The U.S. has established an operational plan to deploy 20 marine brigades to the Korean Peninsula in case of a North Korean invasion into the South, U.S. House Armed Services Chairman Howard McKeon said Tuesday.
During a forum in Washington, McKeon said that U.S. Marine Corps Commandant Gen. James Amos told him that most of the U.S. marines are to be dispatched to defend South Korea under the plan, according to Yonhap.
The Republican lawmaker said that with the congressionally mandated budget cuts, or sequestration, the number of U.S. marines is to be reduced to 175,000 to form only 21 brigades, noting that only one brigade may remain in the U.S. while the rest are to be sent to the peninsula in case of a war.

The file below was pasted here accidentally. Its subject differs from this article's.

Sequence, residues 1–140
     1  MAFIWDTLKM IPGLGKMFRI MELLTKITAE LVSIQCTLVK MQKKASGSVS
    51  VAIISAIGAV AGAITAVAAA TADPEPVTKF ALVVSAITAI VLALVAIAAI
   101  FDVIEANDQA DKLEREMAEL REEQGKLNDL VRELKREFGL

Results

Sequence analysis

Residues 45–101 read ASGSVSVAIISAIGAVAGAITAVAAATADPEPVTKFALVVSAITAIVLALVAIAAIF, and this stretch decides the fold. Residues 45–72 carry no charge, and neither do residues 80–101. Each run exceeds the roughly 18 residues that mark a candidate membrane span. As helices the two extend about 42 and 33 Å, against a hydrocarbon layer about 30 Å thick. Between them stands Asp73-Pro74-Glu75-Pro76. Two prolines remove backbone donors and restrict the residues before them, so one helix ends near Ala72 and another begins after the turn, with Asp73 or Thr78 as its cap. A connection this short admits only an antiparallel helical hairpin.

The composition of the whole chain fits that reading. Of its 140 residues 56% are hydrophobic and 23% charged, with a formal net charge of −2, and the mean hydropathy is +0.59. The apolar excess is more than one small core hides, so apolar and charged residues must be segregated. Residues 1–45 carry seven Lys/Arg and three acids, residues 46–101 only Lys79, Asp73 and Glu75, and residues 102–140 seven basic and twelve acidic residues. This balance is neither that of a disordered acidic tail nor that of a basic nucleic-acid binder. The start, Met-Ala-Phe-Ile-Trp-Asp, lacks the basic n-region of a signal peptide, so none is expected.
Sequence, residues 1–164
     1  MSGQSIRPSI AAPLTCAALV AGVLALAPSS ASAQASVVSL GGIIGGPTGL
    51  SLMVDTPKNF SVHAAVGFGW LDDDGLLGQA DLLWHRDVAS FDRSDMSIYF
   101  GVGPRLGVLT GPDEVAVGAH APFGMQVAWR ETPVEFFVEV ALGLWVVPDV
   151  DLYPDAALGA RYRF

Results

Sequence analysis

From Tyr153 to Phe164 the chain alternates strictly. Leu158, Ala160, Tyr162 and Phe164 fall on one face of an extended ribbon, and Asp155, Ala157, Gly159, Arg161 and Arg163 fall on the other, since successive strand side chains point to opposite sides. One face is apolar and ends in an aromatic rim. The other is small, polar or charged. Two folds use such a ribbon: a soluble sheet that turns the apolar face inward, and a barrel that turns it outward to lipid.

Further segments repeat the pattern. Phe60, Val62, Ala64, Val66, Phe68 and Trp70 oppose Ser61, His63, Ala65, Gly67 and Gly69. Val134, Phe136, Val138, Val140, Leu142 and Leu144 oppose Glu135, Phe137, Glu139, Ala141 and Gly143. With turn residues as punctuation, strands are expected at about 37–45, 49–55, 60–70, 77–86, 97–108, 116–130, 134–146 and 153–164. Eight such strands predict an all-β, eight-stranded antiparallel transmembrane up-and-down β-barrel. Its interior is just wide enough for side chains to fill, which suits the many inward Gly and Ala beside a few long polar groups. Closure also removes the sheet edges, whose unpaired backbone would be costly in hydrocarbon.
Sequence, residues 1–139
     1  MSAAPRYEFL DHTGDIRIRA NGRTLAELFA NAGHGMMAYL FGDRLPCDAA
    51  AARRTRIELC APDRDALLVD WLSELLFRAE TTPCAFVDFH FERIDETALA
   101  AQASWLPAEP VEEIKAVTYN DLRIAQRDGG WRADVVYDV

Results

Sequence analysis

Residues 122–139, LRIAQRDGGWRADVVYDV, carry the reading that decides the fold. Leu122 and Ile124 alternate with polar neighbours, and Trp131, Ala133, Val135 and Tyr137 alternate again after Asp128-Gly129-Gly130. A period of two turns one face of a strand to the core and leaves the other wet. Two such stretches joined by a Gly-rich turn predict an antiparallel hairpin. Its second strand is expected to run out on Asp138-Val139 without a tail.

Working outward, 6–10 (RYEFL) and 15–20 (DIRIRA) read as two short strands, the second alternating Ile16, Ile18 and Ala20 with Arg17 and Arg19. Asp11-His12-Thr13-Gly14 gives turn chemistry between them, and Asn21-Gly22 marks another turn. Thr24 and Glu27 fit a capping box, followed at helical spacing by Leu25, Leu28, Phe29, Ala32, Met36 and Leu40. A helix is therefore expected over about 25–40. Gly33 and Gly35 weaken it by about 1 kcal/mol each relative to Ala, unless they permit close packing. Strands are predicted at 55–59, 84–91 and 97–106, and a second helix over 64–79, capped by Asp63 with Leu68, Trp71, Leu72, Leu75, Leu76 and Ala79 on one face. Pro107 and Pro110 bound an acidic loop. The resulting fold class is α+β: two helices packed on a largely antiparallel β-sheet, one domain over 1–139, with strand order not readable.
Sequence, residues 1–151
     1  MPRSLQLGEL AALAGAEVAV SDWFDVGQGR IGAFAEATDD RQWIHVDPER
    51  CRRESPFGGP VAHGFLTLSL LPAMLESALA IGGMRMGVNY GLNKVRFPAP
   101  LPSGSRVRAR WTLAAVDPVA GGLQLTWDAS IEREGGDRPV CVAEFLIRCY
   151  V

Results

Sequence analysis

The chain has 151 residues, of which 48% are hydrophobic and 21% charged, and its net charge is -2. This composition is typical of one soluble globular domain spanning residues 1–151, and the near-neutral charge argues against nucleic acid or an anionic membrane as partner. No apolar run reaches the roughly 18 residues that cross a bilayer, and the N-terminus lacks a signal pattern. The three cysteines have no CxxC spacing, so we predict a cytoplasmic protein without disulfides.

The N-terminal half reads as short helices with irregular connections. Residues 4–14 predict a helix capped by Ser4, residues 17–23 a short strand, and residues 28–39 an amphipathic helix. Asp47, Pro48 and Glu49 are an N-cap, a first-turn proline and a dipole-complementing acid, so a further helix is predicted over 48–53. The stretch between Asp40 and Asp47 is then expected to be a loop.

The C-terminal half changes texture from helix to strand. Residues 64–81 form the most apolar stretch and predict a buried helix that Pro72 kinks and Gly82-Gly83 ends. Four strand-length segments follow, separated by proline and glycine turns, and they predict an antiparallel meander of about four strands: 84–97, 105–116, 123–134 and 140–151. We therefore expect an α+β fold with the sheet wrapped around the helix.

McKeon’s claim was apparently welcomed news in South Korea, where some were concerned that with the U.S. troop drawdown, Washington would be reluctant to commit a large number of ground troops for peninsular contingencies.
Under the allies’ joint war plan, the U.S. is to send its 690,000 troops to the peninsula in case of an all-out war. But given Washington’s plan to slash its ground troops, analysts said that the plan was no longer realistic.
Full article: U.S. to send 20 marine brigades in case of North Korean invasion (Inside Korea)